British Columbia ranchers and farmers who lost pasture or cropland or had to move livestock out of the path of wildfires this year may be eligible for AgriRecovery funding.
The federal and B.C. governments on Thursday announced a new AgriRecovery program worth up to $5 million to help defray “extraordinary costs incurred” due to wildfires in 2018.
Fires in the province in 2018 over 32,000 acres of land, the governments said, but while the total area burned beat the 2017 record, fewer producers reported damages this year, due to the locations of the fires.
The 2018 AgriRecovery plan will, however, provide the same coverage as in 2017, the governments said.
The program, dubbed the 2018 Canada-British Columbia Wildfires Recovery Initiative, is expected to help cover costs related to “ensuring animal health and safety.”
Other costs that may be covered include feed, shelter and transportation costs for livestock, and costs to “re-establish” perennial crop and pasture production on land damaged by fire.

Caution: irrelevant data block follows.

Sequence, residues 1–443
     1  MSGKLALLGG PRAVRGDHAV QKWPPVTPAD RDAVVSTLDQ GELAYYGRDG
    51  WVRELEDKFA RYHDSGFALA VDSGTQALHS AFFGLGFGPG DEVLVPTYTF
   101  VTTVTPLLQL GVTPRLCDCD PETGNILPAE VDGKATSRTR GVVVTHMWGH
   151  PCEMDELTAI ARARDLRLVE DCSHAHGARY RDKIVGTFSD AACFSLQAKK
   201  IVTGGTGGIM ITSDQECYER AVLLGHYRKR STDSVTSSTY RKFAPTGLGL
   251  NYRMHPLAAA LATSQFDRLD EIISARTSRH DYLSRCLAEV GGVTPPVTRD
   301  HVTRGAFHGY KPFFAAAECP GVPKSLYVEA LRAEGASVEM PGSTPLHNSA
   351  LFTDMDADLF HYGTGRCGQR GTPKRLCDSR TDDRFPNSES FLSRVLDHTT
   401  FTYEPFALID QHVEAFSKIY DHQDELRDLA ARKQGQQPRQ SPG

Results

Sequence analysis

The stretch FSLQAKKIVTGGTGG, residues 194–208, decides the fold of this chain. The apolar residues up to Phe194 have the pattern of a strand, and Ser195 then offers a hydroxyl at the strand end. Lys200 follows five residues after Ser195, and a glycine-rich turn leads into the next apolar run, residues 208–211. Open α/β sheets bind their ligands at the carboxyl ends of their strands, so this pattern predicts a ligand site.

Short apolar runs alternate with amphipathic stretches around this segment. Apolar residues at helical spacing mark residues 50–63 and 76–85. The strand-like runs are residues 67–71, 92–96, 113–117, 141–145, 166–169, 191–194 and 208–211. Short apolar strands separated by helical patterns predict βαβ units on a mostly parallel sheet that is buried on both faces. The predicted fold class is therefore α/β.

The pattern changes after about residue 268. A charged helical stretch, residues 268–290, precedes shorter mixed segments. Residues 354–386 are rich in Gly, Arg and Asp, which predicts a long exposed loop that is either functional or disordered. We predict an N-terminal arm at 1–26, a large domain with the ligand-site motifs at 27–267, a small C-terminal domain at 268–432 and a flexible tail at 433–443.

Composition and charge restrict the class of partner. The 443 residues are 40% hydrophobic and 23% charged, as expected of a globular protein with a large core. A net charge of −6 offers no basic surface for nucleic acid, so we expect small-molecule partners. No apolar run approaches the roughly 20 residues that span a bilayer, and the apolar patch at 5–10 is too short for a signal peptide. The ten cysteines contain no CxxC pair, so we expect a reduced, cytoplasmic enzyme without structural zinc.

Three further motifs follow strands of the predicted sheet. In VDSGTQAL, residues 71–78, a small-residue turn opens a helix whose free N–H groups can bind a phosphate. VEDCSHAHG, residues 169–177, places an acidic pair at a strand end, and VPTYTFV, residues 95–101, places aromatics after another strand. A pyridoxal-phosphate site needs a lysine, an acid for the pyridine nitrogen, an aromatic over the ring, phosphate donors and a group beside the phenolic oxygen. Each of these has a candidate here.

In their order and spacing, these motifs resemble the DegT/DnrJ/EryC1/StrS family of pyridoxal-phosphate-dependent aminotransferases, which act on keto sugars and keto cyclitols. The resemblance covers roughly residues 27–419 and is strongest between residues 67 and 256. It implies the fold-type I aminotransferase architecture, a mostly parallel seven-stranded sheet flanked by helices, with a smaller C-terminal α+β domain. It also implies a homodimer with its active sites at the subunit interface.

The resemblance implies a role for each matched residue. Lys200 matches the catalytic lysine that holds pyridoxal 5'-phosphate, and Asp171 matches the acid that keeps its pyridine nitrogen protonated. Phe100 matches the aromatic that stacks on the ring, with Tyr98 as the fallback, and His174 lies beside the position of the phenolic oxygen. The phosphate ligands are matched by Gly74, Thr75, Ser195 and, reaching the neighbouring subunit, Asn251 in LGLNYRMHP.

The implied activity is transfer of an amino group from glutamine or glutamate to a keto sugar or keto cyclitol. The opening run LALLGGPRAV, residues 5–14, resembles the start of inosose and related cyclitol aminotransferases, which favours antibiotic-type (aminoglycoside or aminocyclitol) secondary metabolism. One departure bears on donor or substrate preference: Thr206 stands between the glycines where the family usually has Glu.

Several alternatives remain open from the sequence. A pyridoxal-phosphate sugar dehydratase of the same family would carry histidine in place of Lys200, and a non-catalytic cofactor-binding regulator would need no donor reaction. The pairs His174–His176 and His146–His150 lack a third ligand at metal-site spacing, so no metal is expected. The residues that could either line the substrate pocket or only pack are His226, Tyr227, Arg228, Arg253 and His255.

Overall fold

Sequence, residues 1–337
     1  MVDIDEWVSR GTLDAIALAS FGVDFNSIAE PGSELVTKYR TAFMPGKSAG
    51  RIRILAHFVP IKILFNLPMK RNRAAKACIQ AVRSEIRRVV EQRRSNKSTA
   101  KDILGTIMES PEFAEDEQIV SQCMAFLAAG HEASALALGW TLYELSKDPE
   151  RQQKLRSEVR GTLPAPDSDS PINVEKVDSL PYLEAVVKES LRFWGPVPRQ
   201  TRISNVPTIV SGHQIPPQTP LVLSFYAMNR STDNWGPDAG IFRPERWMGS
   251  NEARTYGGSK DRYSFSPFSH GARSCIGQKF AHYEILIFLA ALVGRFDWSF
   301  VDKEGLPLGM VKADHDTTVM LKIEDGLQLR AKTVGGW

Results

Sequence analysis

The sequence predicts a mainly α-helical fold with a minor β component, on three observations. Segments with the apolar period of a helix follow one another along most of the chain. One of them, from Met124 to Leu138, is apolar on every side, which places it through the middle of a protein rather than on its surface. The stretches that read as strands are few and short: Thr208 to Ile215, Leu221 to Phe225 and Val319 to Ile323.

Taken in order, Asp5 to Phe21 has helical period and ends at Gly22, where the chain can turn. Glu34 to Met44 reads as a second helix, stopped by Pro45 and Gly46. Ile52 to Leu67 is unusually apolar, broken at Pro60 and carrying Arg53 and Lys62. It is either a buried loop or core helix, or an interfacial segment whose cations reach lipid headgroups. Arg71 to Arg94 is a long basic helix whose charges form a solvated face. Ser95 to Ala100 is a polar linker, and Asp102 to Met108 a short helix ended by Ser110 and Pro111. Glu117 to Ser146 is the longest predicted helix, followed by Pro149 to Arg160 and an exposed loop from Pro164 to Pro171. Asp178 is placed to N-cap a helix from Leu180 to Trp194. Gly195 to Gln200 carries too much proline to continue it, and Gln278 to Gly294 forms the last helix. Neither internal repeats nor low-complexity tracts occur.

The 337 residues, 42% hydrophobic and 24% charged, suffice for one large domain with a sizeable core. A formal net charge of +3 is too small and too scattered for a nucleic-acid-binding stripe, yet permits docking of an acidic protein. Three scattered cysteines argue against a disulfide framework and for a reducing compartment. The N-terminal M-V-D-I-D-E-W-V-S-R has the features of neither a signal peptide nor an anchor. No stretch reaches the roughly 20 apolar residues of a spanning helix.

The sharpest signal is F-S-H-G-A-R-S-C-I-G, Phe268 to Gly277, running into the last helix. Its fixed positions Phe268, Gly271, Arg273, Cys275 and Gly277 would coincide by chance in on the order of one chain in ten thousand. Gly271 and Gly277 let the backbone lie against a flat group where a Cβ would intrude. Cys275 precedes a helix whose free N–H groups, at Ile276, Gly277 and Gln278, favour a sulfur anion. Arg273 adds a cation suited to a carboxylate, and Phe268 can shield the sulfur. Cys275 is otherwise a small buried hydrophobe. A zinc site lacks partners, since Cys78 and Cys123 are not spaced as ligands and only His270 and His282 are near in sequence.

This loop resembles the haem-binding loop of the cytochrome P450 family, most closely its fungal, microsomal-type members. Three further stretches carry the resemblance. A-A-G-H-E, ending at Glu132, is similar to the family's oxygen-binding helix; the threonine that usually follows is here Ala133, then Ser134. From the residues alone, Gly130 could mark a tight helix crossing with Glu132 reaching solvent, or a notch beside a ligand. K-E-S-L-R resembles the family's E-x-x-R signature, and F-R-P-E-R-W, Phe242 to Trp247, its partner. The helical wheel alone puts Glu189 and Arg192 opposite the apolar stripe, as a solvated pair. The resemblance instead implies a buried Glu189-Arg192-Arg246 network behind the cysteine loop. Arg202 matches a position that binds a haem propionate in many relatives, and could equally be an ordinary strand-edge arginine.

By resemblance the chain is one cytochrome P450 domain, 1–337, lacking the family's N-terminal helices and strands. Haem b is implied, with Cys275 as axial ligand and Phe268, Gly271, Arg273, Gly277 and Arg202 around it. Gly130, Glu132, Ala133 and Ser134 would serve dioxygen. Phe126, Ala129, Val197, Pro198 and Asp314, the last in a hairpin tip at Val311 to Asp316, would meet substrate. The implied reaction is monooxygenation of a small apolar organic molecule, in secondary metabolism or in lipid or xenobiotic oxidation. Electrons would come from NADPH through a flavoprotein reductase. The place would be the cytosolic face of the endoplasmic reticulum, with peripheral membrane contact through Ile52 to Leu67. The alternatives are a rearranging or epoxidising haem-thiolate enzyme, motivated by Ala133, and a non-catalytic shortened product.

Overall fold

Other examples of eligible costs include fencing and irrigation equipment repair, veterinary costs, replacement of bees and hives lost to fire, and rentals of “specialized facilities.”
Application forms are available online. Completed applications must be received by Jan. 31, 2019, the governments said.
“B.C. ranchers and farmers suffered losses in this summer’s wildfires that could threaten their operations’ viability, but we’re not going to let that happen,” Agriculture Minister Lana Popham said Thursday in a release.
“The support we’re providing will help them recover and recuperate from those expenses and help them get back into production so that the can do what they love and that’s producing food for British Columbians.”
AgriRecovery is the disaster relief framework within the federal-provincial Canadian Agricultural Partnership’s business risk management suite, under which affected jurisdictions set up joint initiatives to provide assistance beyond what’s available through existing BRM programs.
AgriRecovery programs are meant to cover “extraordinary” costs which are necessary to mitigate impacts of a disaster, and/or to resume farming operations as quickly as possible following a disaster. They don’t cover production or revenue declines, which are addressed through programs such as AgriInsurance or AgriStability. — Glacier FarmMedia Network